"Iishi and his colleagues received immunity from prosecution and ... in exchange they provided a great deal of information to U.S. authorities." In particular, they provided the results of "field tests" in which hundreds of thousands of civilians in China and eastern Russia were exposed to and died from deadly germs such as anthrax and plague.
At the outbreak of the Wusung-shanghai campaign on August 13, 1937, the Japanese army used poison gas against Chinese troops. In the succeeding eight years of war, Japan had used poison gases 1,131 times in 14 Chinese provinces.
On at least five occasions during the first two years the Japanese armed forces tried to employ bacteriological warfare in China. They have tried to produce epidemics of plague in Free China by scattering plague-infected materials with airplanes.
These five times are: October 4, 1940, when Japanese airplane dropped plague bacteria at Chuhsien in Chechiang province which caused the deaths of 21 people. On the 29th of the same month, Japanese airplane spread plague bacteria at Ningpo, Chechiang which caused the deaths of 99 people. On November 28 of the same year, Japanese airplanes dropped a large quantity of germs at Chinhua but no deaths were reported. In January 1941 Japan spread plague germs in Suiyuan and Ninghsia provinces and again in Shansi that caused serious epidemic outbreaks of plague in these areas. When too many Japanese soldiers also died, the attacks were suspended.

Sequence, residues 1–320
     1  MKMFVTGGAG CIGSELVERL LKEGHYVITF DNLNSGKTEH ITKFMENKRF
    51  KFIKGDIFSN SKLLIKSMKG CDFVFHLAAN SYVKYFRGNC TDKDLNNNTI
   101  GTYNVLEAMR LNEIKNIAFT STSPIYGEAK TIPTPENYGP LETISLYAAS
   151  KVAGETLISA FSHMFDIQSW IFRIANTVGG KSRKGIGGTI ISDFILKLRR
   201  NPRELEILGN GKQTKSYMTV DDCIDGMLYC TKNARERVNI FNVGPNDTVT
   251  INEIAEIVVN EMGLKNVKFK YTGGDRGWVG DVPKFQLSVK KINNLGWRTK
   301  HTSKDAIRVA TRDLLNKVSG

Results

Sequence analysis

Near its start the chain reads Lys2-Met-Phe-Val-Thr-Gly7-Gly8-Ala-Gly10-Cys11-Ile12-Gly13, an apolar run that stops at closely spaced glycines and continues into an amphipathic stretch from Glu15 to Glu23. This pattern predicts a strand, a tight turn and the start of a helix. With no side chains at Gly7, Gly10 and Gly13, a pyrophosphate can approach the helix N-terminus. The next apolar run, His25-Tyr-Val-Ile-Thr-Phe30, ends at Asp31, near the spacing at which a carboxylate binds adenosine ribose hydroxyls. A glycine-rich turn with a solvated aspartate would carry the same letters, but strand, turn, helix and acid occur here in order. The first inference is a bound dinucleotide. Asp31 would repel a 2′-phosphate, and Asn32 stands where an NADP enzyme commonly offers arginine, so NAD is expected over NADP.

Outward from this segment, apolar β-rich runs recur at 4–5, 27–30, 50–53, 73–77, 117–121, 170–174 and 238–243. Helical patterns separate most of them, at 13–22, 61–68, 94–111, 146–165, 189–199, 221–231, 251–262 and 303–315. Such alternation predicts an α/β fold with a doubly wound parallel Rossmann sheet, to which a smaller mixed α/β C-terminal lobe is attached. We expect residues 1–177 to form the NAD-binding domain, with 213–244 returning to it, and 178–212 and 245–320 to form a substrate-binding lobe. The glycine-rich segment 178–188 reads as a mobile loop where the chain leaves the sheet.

Japan Admits Dissecting WW-II POWs
On May 5, 1945, an American B-29 bomber was knocked down over southern Japan. Eight American airmen prisoners were made available for medical experiments at Kyushu Imperial University. The eight were dissected organ by organ while they were still alive.
This is the only site where Americans were incontrovertibly used in dissections and the only known site where experiments were done in Japan. Kyushu University, Fukuoka, is midway between Hiroshima and Nagasaki.
Thirty people were brought to trial by an Allied War Crimes Tribunal in Yokohama, Japan, on March 11, 1948. Charges included vivisection and wrongful removal of body parts; 23 were found guilty of various charges. Five of the guilty were sentenced to death. None of the death sentences was carried out. By 1958, all those convicted were free. The Soviet Union also held trials. Sentences there were carried out.